Is This Acceptable ???

I did an inspection yesterday on a 1930’s era house that had been moved several blocks & set on a new block foundation. The edges of the studwall were attached with truss/hurricane clips to the block foundation with one screw per clip every 3 or 4 floor joists around the perimeter of the house. I removed some of the rim joist insulation & could not find any anchor bolts. This to me does not seem sufficient to hold a 1500 sq. ft. house down. It appeared to be enough room to put anchor bolts in, or would that make it impossible to set a house on them in this situation ???
Please help as soon as you can, I have to get the report to them today. I was just going to refer them to a structural engineer to clarify.

NOTE:::After looking back thru my photo’s I se that there are no sill plates at all, just floor joists, builder/seller said it didn’t have any fasteners at all holding it down at prior location & he thinks it’s just fine, did open up a can of worms here or what??? Hope the photo comes out ok…

What do the engineer documents say?

This is the way I have always done it, but I installed the hurricane straps every other floor joist. I never had a house blow away yet. This may not be the correct answer but this is the only answer I got. Basically I do not know what is the correct way but this is the common practice in my area.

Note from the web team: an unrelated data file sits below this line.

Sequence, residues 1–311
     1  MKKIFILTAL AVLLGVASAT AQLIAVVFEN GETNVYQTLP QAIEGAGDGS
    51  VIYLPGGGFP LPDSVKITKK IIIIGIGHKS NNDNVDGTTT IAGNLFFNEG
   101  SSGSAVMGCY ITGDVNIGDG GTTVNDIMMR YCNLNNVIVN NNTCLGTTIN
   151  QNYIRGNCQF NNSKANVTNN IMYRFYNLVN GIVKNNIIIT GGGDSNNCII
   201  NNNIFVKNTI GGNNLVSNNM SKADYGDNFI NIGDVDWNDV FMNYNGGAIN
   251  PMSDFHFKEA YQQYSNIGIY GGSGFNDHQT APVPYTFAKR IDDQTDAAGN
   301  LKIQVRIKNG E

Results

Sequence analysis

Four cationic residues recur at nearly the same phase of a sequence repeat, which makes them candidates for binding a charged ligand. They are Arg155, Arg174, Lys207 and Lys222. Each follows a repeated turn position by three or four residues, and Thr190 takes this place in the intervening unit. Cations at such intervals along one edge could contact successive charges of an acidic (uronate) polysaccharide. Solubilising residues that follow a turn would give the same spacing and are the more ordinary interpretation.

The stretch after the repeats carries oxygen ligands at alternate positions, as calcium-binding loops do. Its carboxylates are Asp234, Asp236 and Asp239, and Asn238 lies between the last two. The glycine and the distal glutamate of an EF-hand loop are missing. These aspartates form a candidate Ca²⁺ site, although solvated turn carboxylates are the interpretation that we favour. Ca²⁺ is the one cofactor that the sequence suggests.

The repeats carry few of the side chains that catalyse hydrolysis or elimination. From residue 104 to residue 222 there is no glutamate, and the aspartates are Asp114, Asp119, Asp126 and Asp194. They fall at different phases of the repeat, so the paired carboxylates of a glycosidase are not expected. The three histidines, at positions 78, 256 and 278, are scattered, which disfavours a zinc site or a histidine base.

As far as the correct number of straps, it is kinda like only driving two nails in the bottom of the sill plate into the wall stud. I was taught by the old time contractors that three nails is the only way to do it or when toe nailing in trusts you drive in four nails instead of just two (two on each side). I have found no contractor preforming these practices anymore. That why we see house with roofs blown off or the sill plated bolted to the foundation is the only thing left. I have actually see a house that took a direct hit by a tornado that was built the old way. It was not standing no more but the lumber was twisted. It looked like it actually put up a fight before it got blown apart. After inspecting other builder’s work, I can understand why insurance is so high. Sad but true.

Describe what is there and state that it is beyond your scope to determine if this is an acceptable method and to consider consultation/evaluation with a qualified contractor.

Alot would depend on the seismic zone you are in. In my area this would not be adequate.

Thanx for the replies all. I just spoke to our local city building inspector & he said this wont fly here, must be anchor bolts every 6 ft. I mentioned the Simpson Strong ties & he acted like he’d never heard of them. He hadn’t been able to get in to look at this house yet, but sure will make a point of doing so now, oh crap ! did I just kill a deal ??? He said that hes’s the only one that the realtors hate worse than me…